“Shoot first, and ask questions later.”
“Act first, then decide.”
Or as the creator of the Dilbert cartoon, Scott Adams, explained Trump best: “Try continuous A-B testing, with a bias toward action. Then adjust according to feedback.”
Trump’s threat to impose tariffs on Mexico, unless it stops illegal immigrants who must traverse 1,500 miles across Mexico to reach the U.S. border, should come as no real surprise. The flow of asylum seekers accompanied by children has been growing rapidly to unprecedented heights. Axios reports that 75,000 families crossed the border in May; that’s up from 58,000 in April.
President Obama’s DHS Secretary Jeh Johnson said on Morning Joe in March, “I know that 1,000 [apprehensions] overwhelms the system, and I cannot begin to imagine what 4,000 a day looks like.... We are truly in a crisis.” Trump and his team have been doing their own messaging for weeks and months now in a similar vein, as Trump fired his former DHS Secretary Kirsten Nielsen (by tweet, of course) and shook up the DHS staff in hopes of securing a tougher policy.
Could it be coincidental that Trump’s approval rating just hit a two-year high in the Harvard CAPS/Harris Poll survey? Trump gets a 48% approval rating overall, 59% approval for handling of the economy, and a remarkable 62% approval rating for jobs and employment. Trump likely reads these numbers as an implicit license to continue what he is doing.
It has been widely reported that the Trump administration has been working on ways to staunch the flow of cross-border crossings with and without the cooperation of Mexico. One such initiative in the works is an executive order to deny asylum to Central American refuge seekers on a blanket basis.
Thus, we maintain that on Thursday, May 30 at 2:26 pm, when Trump tweeted a surveillance camera video of 1,036 migrants attempting to cross the border near El Paso, before all were detained by Border Security agents in the largest-ever arrest of its kind, it should not be the least bit surprising that Trump would make his tariff threat, again by tweet, two hours and four minutes later at 4:30 pm.
On the web, the White House released a longer statement that is either the product of a master speechwriter, with all of Trump’s trademark verbal tics, or dictated by the President himself. The curiously exact timing at 4:30 pm, plus the longer statement, suggest to us that the decision wasn’t entirely spontaneous and that the Government of Mexico might have gotten advance notice that it was coming.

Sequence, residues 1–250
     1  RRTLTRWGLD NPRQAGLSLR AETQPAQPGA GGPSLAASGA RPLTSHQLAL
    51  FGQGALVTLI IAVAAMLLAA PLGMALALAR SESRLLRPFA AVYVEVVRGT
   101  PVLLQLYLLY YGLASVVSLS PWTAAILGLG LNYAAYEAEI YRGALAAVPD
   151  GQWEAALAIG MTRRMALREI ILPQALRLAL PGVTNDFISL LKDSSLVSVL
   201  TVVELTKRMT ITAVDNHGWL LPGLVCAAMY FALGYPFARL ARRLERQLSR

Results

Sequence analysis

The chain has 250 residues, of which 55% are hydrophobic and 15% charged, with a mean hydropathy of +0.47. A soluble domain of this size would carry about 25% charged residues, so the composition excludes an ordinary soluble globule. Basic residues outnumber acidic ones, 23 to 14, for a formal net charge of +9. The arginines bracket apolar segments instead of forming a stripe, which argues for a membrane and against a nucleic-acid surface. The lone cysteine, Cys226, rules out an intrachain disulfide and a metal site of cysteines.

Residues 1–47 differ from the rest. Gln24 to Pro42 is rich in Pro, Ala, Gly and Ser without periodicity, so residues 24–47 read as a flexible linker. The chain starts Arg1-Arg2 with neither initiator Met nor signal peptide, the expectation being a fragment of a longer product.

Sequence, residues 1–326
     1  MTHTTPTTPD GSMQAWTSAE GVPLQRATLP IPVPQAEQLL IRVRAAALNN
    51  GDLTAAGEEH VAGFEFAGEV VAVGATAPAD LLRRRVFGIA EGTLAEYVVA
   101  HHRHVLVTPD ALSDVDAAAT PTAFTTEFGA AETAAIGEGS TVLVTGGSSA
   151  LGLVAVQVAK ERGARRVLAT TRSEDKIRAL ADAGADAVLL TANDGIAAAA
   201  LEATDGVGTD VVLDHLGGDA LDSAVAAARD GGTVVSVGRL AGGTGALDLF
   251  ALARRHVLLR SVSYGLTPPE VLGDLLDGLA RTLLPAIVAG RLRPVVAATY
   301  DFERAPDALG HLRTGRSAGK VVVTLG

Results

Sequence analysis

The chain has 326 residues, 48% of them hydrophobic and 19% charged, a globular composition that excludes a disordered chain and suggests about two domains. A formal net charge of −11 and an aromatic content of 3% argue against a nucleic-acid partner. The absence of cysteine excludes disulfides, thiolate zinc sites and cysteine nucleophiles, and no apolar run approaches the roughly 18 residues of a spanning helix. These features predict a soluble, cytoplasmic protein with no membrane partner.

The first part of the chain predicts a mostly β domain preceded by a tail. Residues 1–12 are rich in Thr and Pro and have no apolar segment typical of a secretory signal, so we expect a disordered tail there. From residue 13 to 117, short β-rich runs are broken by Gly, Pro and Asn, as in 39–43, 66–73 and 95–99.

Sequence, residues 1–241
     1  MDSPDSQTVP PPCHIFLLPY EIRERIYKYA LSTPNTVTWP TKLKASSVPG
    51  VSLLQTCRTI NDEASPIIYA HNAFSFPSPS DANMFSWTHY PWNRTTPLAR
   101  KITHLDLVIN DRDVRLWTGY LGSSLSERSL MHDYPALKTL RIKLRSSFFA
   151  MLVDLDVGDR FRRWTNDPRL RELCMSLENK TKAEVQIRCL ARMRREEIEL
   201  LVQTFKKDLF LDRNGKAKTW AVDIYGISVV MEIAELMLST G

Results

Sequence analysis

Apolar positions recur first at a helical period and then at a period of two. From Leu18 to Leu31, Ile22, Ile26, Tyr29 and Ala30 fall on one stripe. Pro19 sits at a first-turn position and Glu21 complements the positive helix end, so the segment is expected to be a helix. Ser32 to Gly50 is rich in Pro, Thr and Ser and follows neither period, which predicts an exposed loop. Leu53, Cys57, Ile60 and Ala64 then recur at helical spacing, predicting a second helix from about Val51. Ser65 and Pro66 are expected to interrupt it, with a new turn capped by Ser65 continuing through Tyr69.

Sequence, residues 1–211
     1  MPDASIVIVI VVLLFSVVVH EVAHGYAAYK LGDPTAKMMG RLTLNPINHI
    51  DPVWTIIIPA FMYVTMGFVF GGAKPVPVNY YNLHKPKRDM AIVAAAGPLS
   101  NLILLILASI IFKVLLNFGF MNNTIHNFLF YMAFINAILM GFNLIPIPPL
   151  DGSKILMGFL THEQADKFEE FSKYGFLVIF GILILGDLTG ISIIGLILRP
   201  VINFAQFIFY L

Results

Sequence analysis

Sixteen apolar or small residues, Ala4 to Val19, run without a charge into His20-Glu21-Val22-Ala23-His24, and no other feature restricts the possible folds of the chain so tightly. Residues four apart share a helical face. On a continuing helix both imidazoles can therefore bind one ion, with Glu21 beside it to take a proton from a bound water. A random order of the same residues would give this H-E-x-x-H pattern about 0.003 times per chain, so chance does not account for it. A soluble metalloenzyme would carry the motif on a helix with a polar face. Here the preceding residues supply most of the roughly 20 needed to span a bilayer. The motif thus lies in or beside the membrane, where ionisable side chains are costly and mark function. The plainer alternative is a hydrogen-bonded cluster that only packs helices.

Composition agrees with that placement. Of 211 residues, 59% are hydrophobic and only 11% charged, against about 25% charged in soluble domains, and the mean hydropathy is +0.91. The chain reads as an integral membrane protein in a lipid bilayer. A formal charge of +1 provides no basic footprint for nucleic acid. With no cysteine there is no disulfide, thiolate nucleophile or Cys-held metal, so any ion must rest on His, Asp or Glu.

On its face, the tariff would be enormously disruptive, upsetting not only all North American trade and auto supply chains reaching all the way to Asia, but also threatening to tip the global economy into recession. On the other hand, the tariff would be less disruptive than shutting the border, which Trump has repeatedly threatened to do over immigration previously.
What’s more, the tariff would start at 5% on June 10 and escalate over time to 25% in October. The five percent is ridiculous and unreasonable in our book, but starting low and moving up suggests to us that Trump is willing to back down and reverse course if he gets an appropriate gesture from Mexico. In January, Trump was willing to shut down the US government over the issue of funding for his border wall and as a show of protest to what his base voters deem as excessive spending in other areas.
Yet Trump reversed course with no apologies and no explanation when he felt that he had made his point, and he emerged as a political winner in the eyes of his base voters nonetheless.
We think it likely that Trump will reverse course on the impending Mexican tariffs as well. The Mexican Foreign Minister is leading a team to Washington today. The Mexican President, already a seasoned Trump handler, has had the sense not to escalate. The financial markets have taken the news badly. The K Street business community is furious. Republican Senators are furious. The Wall Street Journal reports that Trump’s own USTR, Robert Lighthizer, is unhappy with the tariffs.
Meanwhile, Trump has gotten the attention he craves. Like New York Yankees idol Reggie Jackson in days of old, Trump is once again the “straw that stirs the drink.” He has made his statement, and provided that he gets some appearance of a favorable response from Mexico, he is likely ready to move on.
His base voters have gotten the message that Trump, like no previous President, is willing to act on trade and immigration and give him credit for trying, even if does not change the status quo on trade and immigration in the immediate future.
And if the feedback is entirely unfavorable, defined as something that would take the shine off a 62% approval rating for employment, Trump would likely move along as well.
USMCA is no worse off now than it was in late March, when Trump last threatened to close the border before backing off. The odds of getting USMCA through Congress by August are equally zero both yesterday and today. The odds of getting USCMA through Congress by the end of year remain as dubious, given the prospect of fall battles on suspending the debt ceiling, lifting the budget caps, and funding the government for two years in the context of standoffs over subpoenas and investigations of Trump, if not outright impeachment. There may yet be a path to getting USMCA done by the end of the year, but we will discourse on this in another note; our comment here is simply that the odds were challenged to start with, and by fall, the memory of Trump’s latest tariff threat will probably be a minor factor compared to what is happening then.
In recent days, we have been contemplating raising odds that USMCA would clear Congress by the end of the year to 50%. We will probably keep them in the 30-40% range for now.